Kodak: We’re the cheapest cost-per-page photo printers on the market! Look, here’s a whole bunch of independent research proving it! Nya-nya!
Hewlett-Packard: NUH-UH! You’re a big fat liar, Kodak! We’re the cheapest cost-per-page.
Hewlett-Packard: Stop it! I’m telling! Hey CrunchGear! Kodak is being mean!!
CrunchGear: What? Huh? Don’t make me stop this car!
Full disclosure: Hewlett Packard’s PR team asked us to compare the HP C6380 against the Kodak ESP 7 with the intent of showing HP’s superior quality, in addition to evaluating the cost-per-page comparison. No gifts or money were given to me. I didn’t get to keep the printers, only the photos I printed out.
I’ve long been a fan of HP printers, and when I was a lowly sales clerk at an office supply store all those years ago I would almost always recommend the HP DeskJet 600C over the competing Epson and Canon printers (I told you it was years ago!).
My personal preferences aside, I am a rational adult, and able to read the fine print on marketing websites. So let’s take a look at the claims made by both parties, and see what caveats and exceptions exist. Then we’ll dig into the subjective aspects of both printers.
Kodak throws down the gauntlet
Kodak has a fancy website, www.printandprosper.com, at which they will calculate for you how much money you’re wasting with your non-Kodak printer. According to this site, the HP C6380 costs $221.20 extra per year over the Kodak offering.
HP pushes back
The Truth About Printing is HP’s response to the Kodak advertising campaign. It’s a marketing effort, too, so don’t expect to see a lot of nitty-gritty numerical analysis without some clicking.
Instead of trying to fight on the cost-per-page issue, which they’ll pretty clearly lose, HP instead claims that their product is superior. Some of the features that HP touts will be pretty compelling to most users. Individual color ink tanks, for example, mean less waste. Some HP features, like Bluetooth printing from iPhones direct to HP printers, are of interest to only limited subsets of users.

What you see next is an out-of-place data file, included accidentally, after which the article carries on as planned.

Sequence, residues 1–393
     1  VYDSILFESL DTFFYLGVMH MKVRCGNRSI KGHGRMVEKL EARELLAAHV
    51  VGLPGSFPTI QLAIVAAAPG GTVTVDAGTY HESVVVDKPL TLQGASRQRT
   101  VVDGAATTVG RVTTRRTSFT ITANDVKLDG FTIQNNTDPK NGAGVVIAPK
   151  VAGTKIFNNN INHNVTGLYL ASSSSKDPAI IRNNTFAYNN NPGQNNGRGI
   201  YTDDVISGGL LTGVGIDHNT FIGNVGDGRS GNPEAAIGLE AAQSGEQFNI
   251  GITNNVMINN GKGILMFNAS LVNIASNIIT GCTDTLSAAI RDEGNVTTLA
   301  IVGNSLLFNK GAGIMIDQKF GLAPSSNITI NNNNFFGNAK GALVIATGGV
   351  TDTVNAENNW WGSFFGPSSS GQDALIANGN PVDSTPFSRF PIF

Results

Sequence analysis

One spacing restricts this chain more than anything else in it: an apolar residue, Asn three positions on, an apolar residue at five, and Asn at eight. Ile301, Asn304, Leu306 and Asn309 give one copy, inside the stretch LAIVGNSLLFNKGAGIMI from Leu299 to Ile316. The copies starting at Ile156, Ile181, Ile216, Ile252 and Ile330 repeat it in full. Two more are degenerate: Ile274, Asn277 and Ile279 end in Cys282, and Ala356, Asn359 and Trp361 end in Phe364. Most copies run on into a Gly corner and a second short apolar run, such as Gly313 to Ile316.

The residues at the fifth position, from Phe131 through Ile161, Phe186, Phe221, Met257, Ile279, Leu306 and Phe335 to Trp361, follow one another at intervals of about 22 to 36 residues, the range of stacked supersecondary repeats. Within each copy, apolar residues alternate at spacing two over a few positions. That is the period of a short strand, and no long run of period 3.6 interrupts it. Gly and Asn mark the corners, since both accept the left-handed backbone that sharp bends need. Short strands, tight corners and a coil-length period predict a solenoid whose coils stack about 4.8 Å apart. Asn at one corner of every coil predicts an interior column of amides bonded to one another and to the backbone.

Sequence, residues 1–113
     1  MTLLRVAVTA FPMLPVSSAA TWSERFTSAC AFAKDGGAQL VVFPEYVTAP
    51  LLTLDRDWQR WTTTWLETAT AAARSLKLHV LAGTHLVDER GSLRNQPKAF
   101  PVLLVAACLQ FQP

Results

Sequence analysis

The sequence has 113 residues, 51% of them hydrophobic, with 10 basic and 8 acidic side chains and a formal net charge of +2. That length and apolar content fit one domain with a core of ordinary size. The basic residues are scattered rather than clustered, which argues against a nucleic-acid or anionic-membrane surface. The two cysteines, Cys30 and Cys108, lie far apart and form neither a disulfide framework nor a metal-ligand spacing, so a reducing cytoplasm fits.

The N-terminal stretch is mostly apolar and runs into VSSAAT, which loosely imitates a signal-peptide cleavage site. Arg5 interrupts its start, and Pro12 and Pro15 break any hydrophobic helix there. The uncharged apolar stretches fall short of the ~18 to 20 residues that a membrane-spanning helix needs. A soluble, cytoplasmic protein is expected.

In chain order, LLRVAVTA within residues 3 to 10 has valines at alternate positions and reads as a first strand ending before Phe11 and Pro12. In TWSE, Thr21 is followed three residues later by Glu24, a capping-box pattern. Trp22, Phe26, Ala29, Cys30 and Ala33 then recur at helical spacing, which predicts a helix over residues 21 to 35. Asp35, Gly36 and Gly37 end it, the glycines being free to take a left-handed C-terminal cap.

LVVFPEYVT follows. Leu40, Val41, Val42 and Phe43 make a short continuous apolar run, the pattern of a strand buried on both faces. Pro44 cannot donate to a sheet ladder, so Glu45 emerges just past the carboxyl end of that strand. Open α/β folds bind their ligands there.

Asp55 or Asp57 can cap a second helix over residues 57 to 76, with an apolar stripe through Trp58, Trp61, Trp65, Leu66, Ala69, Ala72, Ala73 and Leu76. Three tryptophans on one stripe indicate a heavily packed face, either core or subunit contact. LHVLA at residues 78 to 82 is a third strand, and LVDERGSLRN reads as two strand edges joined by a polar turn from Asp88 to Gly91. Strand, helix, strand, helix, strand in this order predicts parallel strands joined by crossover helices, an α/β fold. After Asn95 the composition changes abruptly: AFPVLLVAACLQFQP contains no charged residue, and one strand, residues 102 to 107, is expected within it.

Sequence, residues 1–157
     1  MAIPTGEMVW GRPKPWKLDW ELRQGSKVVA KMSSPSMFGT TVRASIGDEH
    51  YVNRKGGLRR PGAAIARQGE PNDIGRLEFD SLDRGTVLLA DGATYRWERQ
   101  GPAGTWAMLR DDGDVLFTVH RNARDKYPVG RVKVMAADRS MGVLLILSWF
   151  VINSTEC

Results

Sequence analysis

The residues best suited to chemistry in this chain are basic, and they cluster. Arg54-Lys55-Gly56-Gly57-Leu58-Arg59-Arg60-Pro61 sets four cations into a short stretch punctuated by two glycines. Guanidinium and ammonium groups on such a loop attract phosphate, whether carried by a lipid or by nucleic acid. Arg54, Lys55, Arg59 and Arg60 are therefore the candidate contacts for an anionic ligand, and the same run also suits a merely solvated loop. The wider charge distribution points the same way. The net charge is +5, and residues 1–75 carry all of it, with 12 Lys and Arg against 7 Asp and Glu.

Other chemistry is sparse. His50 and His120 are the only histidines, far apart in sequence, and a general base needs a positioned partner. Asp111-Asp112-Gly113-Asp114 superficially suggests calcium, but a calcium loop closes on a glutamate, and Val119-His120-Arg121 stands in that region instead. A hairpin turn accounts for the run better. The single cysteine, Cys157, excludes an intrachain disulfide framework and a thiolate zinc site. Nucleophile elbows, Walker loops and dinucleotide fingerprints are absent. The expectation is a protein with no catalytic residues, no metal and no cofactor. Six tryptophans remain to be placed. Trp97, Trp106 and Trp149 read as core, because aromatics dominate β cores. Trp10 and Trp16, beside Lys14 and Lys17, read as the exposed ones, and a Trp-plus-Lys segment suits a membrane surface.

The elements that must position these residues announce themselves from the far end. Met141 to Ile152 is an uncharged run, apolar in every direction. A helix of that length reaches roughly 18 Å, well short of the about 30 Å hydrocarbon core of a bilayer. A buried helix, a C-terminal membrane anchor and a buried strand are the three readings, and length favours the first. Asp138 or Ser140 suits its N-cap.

Devil in the details
Way back when I was selling HP DeskJet 600C printers, the leading contender was the Canon BJC-600. The HP printer used a tri-color ink tank, while the Canon used separate tanks for each color. At the time, I let my passion for HP products influence my salesmanship, and I steered many a customer toward the tried-and-true DeskJet, even though the Canon afforded a more economical long-term outlook. If you use a lot of blue ink — because your company logo is solid blue, perhaps, — the separate ink tank design will allow you to replace just the blue ink when it runs out. When you run out of blue in a tri-color tank, you end up throwing out perfectly good ink just so you can insert a new tri-color cartridge to replenish your supply of blue.
The HP C6380 uses five separate ink tanks: cyan, magenta, yellow, photo black, and regular black. When you run out of one, you only need to replace that one. The Kodak ESP 7 uses two ink tanks: a five color tank and a black tank. If you exhaust all of one color, you’ll need to replace all five colors, regardless of how much may be left of those other colors. It may well be cheaper to replace the five color tank every time, but is that the kind of wasteful behavior you want to encourage, let alone participate in?
The other major difference between Kodak and HP is the kind of ink they use. Kodak uses pigment based inks, while HP uses dye based inks. Both produce great results most of the time, and ink type alone probably shouldn’t be a determining factor when selecting a photo printer, but there are some differences that are worth exploring.
Did you know that the ISO — the International Standards Organization — actually has tests for photo printers? ISO standard DIS 18935 is “Determination of indoor water resistance of printed colour images”. The test basically involves submerging a photograph in water for 60 minutes and seeing what happens.